Saturday, August 05, 2006

Visual Studio .Net: long-forgotten features

It's an absolute beauty how Microsoft can pleasantly surprise you when you find out that a feature you'd given up long ago has actually started working in a new version. We on the Microsoft platform are humble persons. And we learned to be like that the hard way.

For instance, who other than Microsoft can give you a mail client that doesn't allow you to send or receive any attachment you like? So gradually you give up on even trying to send EXE's, when one day you find out there's a configuration parameter that lets you turn this "feature" off. By then, it's too late, you've already set up your FTP server for sharing files, or whatever ;).

Of course, I'm exaggerating a bit, but it's much worse in Visual Studio world. For example, when you walk through the call stack, does the debugger in VS 2005 display the correct line of code instead of displaying the next one? I haven't noticed: stopped paying attention long ago. Don'trust that mangy debugger no more since the time it used to enter both the if and the else branch (it actually did, in VS 2002).

Hey, there are even new features in this version: press F1 in Visual Studio 2005 and you'll be doomed to biting your nails down to the bone while you watch MSDN explorer reindexing the gigabytes of its documentation for the umpteenth time. I'm stumped as to how they managed to screw up a simple document viewer, at least this should be easy to get right? Nevermind, I'm now using my Firefox for .Net class reference: Google is much better at finding stuff on the MSDN site than MSDN is. I don't know if the MSDN site also reindexes it's contents on every access (it probably does, but they have helluva fast machines there in Redmond, they're high-tech guys). Oh, while we're at it, the MSDN search is one of the dumbest search engines in the universe. I hear they're working on a new super intelligent version. If it will be super intelligent compared to the previous version, then don't bother guys. I'm used to living without it, anyway.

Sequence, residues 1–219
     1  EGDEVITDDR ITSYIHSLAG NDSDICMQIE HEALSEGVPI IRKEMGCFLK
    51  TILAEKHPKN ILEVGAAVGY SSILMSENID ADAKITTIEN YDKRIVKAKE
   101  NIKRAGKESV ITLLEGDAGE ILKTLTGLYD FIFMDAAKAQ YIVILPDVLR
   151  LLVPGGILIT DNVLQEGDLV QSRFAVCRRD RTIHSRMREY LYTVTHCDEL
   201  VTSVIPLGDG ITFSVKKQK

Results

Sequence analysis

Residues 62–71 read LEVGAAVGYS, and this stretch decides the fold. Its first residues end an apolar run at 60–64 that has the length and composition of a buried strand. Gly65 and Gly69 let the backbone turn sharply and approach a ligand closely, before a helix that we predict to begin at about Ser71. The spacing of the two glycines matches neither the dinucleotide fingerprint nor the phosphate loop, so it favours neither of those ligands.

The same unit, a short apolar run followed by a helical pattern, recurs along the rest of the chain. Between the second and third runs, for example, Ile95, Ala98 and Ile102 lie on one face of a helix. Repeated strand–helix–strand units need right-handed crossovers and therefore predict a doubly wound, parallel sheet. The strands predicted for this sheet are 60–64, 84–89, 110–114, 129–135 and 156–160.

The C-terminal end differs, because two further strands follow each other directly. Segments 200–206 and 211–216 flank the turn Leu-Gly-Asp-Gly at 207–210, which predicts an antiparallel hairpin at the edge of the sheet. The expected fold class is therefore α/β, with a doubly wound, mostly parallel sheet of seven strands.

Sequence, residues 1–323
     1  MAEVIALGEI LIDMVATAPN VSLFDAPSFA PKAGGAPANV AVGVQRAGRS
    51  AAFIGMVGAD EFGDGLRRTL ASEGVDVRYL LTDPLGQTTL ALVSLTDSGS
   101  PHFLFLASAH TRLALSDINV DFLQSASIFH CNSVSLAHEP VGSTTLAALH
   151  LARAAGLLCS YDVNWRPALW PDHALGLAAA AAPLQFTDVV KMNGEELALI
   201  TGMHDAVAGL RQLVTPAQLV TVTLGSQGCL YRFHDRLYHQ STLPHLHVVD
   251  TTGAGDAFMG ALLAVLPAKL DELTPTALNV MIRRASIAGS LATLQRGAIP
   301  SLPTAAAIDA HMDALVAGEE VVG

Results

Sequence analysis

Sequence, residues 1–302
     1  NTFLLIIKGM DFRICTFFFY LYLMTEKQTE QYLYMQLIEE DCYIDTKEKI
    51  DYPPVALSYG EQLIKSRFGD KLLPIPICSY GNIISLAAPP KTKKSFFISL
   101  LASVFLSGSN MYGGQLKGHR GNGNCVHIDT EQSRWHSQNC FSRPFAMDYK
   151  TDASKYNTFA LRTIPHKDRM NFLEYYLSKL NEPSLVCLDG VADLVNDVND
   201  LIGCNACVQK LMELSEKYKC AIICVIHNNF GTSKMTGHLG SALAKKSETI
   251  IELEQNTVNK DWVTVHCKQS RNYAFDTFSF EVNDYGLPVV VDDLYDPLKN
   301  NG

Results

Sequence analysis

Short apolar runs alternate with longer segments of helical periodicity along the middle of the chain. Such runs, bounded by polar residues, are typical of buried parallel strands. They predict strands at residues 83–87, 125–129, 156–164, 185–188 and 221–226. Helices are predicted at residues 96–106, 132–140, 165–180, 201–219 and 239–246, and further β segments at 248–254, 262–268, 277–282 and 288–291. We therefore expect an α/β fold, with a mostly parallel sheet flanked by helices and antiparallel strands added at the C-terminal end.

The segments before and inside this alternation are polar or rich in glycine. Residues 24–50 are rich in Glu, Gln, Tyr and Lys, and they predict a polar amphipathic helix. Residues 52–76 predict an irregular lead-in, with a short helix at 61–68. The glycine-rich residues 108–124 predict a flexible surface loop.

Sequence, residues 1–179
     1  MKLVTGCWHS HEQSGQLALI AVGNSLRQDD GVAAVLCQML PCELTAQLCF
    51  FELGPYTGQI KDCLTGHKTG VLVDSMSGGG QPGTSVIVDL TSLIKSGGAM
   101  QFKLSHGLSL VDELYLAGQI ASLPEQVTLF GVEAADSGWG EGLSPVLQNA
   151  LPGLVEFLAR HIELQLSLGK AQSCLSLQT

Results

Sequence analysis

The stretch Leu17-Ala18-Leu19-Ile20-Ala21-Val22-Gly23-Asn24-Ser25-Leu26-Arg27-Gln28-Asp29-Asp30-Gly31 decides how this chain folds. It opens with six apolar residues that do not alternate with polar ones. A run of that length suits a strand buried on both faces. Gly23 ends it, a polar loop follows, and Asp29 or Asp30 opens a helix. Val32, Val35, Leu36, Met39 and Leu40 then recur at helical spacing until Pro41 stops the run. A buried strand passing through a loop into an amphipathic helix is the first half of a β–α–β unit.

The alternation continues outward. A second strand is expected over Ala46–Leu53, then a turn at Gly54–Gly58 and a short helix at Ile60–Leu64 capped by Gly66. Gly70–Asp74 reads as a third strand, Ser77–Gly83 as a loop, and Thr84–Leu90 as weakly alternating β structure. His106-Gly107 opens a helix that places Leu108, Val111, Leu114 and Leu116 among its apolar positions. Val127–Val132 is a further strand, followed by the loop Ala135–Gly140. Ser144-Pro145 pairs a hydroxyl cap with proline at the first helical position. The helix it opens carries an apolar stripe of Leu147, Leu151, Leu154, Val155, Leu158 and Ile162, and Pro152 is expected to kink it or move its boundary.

What else is new in Visual Studio 2005. Well... The tool windows sometimes refuse to auto-hide. But that's not new, we had that in VS 2002 beta, only it seemed to have been fixed. How about user-defined controls still not showing up in the toolbox? I don't use the toolbox anymore, just go to the InitializeComponent method and add two lines: new MyControl() and this.Controls.Add(myControl). I don't have time to "Customize toolbox" and wait while VS scans all dll's on my hard drive and do it again when I recompile. Does VS lock the DLL's when you Get Latest from SourceSafe? Glad to say I don't know. I'm using Subversion now. It even has a Visual Studio plug-in which is somewhat buggy (alergic to file renames) but I don't really need it because there's always TortoiseSVN which is great (I'm probably not being fair to Ankh plug-in here, to get something to work right with the Visual Studio add-in API, you need extraterrestrial or para-abnormal capabilities).

So, where's the light at the end of the tunnel? We had Visual Studio 2003 service pack 1 scheduled for june and coming out in august (hopefully), and we had Visual Studio 2005 SP1 scheduled for august (you already guess where this is heading), then scheduled for sometime in the late summer, then not scheduled at all. There's a page at MSDN that says "This service pack is currently targeted for final release in Q3 of 2006. A more detailed schedule of external interim milestones (e.g. customer beta period) will be posted when it has been finalized." Which means there will soon be a beta. Or maybe not. Who cares, by then we'll get used to working without Visual Studio ;).

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